Why is Saliva So Important to Your Overall Oral Health?

Why is Saliva So Important to Your Overall Oral Health?

Saliva is not a topic most people think about when it comes to staying healthy.  But saliva is a vital part of a healthy body, mouth, good digestion and more. What exactly is saliva and why is saliva so good for your body?

What is Saliva?

Saliva is more important than most people realize.  It is made up of 98 percent water but also contains proteins, minerals, electrolytes, antibacterial compounds, and enzymes.  Saliva keeps your mouth moist for comfort, lubricates as you chew and digest your food, and neutralizes harmful acids.  Saliva kills germs and prevents bad breath, works to prevent tooth decay and gum disease, protects your teeth’s enamel, and helps in the healing process of wounds.

Saliva comes from the salivary glands, which are located inside your cheeks, under your tongue, and near your jawbone.  On average, a person will produce 2 to 4 pints of saliva a day. Saliva moves through tiny tubes called salivary ducts from the glands into your mouth.  Small amounts of saliva stream into your mouth continually to keep your mouth moist and kick into high action when you eat.  These glands produce a lot of saliva, and you may notice there is much more in your mouth while you eat.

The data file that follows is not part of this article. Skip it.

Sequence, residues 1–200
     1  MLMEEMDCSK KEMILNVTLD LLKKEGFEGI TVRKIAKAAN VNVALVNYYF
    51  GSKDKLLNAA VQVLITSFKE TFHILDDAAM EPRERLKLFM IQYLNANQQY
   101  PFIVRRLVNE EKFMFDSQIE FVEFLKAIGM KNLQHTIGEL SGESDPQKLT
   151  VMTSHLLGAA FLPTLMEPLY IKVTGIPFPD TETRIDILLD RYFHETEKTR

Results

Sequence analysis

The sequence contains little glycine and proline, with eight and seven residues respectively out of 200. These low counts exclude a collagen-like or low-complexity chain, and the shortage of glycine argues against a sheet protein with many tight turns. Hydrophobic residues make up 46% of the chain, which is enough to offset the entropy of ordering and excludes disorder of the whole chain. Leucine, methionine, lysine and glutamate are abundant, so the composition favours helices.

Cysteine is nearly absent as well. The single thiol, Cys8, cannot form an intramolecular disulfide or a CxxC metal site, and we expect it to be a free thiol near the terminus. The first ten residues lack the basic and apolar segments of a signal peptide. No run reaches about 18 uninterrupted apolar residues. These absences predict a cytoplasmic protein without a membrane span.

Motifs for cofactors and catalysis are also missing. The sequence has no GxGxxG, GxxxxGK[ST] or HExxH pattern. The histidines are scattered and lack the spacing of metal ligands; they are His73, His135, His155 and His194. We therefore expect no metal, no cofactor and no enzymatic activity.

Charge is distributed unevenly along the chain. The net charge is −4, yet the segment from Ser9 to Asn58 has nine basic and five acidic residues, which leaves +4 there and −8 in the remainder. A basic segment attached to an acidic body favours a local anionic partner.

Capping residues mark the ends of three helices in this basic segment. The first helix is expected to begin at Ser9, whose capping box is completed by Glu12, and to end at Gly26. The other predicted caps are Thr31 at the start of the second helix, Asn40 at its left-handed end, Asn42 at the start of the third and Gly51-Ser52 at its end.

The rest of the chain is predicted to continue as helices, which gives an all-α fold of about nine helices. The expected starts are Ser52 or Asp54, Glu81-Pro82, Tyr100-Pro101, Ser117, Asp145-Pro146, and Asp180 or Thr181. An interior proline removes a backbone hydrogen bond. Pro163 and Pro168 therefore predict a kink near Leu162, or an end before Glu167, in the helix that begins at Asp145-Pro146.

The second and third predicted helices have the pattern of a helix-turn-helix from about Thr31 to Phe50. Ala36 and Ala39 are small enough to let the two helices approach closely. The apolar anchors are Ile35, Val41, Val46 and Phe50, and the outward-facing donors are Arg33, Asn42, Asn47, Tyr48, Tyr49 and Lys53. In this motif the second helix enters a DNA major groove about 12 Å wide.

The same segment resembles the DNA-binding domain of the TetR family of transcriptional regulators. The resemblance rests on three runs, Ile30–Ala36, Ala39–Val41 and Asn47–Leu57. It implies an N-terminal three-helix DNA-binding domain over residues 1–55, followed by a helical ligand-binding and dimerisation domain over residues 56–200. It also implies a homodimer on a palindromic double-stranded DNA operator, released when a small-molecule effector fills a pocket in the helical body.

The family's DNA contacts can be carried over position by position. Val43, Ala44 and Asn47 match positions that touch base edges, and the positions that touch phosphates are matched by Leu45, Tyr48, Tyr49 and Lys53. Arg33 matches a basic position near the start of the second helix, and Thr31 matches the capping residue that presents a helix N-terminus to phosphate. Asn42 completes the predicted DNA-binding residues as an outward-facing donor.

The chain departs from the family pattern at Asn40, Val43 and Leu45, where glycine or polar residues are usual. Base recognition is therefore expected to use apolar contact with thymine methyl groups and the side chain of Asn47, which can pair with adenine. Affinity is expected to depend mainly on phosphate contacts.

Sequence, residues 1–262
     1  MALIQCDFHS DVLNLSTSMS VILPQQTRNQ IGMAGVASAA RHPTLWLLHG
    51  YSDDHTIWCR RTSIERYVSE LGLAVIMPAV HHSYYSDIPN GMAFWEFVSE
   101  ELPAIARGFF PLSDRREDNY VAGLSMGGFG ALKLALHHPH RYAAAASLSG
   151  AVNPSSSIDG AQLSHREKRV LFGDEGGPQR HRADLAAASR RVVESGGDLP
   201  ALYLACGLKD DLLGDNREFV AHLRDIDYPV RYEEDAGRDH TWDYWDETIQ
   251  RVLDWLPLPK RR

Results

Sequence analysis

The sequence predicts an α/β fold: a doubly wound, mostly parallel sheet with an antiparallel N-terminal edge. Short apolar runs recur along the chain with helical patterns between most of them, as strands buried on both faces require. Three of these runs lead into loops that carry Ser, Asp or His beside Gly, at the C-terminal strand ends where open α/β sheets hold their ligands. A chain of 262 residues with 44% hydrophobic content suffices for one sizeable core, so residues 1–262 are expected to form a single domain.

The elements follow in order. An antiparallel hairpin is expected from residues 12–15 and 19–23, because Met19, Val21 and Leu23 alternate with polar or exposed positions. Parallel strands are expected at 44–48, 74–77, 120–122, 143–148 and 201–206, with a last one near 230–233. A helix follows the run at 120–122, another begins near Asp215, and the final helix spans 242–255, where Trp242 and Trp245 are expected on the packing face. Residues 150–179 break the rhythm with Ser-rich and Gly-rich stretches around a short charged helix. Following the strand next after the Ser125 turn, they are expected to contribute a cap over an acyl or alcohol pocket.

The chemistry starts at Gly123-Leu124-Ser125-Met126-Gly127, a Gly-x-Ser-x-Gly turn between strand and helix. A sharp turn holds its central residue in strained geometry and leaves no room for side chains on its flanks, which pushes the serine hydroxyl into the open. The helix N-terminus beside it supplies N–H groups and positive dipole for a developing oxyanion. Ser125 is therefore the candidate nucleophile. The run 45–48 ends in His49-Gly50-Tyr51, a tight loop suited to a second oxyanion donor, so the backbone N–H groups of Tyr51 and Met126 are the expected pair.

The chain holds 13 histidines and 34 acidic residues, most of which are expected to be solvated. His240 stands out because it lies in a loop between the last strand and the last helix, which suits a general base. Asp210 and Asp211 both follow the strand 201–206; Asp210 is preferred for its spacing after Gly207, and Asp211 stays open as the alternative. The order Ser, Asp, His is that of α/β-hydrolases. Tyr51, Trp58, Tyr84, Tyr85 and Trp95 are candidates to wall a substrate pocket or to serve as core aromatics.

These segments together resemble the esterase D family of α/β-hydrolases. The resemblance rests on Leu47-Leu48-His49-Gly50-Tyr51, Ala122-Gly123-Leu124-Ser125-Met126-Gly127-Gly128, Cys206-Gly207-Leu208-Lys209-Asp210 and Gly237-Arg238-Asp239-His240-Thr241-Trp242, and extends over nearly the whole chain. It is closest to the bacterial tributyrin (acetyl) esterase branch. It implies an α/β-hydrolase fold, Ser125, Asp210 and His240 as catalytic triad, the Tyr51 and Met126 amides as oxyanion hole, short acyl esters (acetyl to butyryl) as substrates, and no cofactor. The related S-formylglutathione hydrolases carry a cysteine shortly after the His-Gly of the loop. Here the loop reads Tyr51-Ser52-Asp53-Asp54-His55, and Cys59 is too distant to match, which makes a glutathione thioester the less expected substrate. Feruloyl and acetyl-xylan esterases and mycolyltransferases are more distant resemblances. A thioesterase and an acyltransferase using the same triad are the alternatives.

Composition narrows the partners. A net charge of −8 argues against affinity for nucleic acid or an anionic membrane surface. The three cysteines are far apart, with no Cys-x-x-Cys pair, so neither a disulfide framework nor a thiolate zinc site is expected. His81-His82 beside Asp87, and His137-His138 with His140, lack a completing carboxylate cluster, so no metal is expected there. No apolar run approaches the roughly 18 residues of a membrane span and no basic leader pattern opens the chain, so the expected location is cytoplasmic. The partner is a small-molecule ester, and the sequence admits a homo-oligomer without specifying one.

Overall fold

Why is Saliva so Important?

Research shows saliva helps your body protect against gum disease, tooth decay, and other oral infections.  Saliva functions as a thin film over your teeth to protect against bacteria, and contains antimicrobial agents to kill disease-causing bacteria.  Saliva acts to dislodge any food in your mouth that may feed the bacteria that cause tooth decay.

Saliva neutralizes acids in your mouth that breaks down tooth enamel and protects the tooth’s surface in a process called remineralization.  The calcium, phosphorus, fluoride and other minerals contained in saliva provide protection for the enamel surfaces of your teeth and aid in keeping your teeth strong.

The enzyme amylase in saliva helps you digest properly by breaking down starch, maltose, and dextrose into smaller molecules. 

What is Dry Mouth?

If you do not produce enough saliva in your mouth, this condition is commonly called dry mouth which may lead to tooth decay, gum disease, bad breath and difficulty with swallowing and digesting food.

Too little saliva may be caused by health conditions such as Sjogren’s syndrome, diabetes, Parkinson’s disease, and HIV/AIDS.  Cancer treatments such as chemotherapy and radiation therapy may cause dry mouth. Poor nutrition and the use of certain drugs are thought to play a key role in dry mouth.

There are several treatments available to help with dry mouth such as drinking water frequently, chewing sugar-free gum, using mouth rinses and scheduling regular check-ups with your dentist.

Dr. Melchers and his experienced staff are here to address all of your oral health care issues and care about your overall wellness. Contact us today at info@oldmtpleasantdentistry.com to see how we can best meet your dental care needs.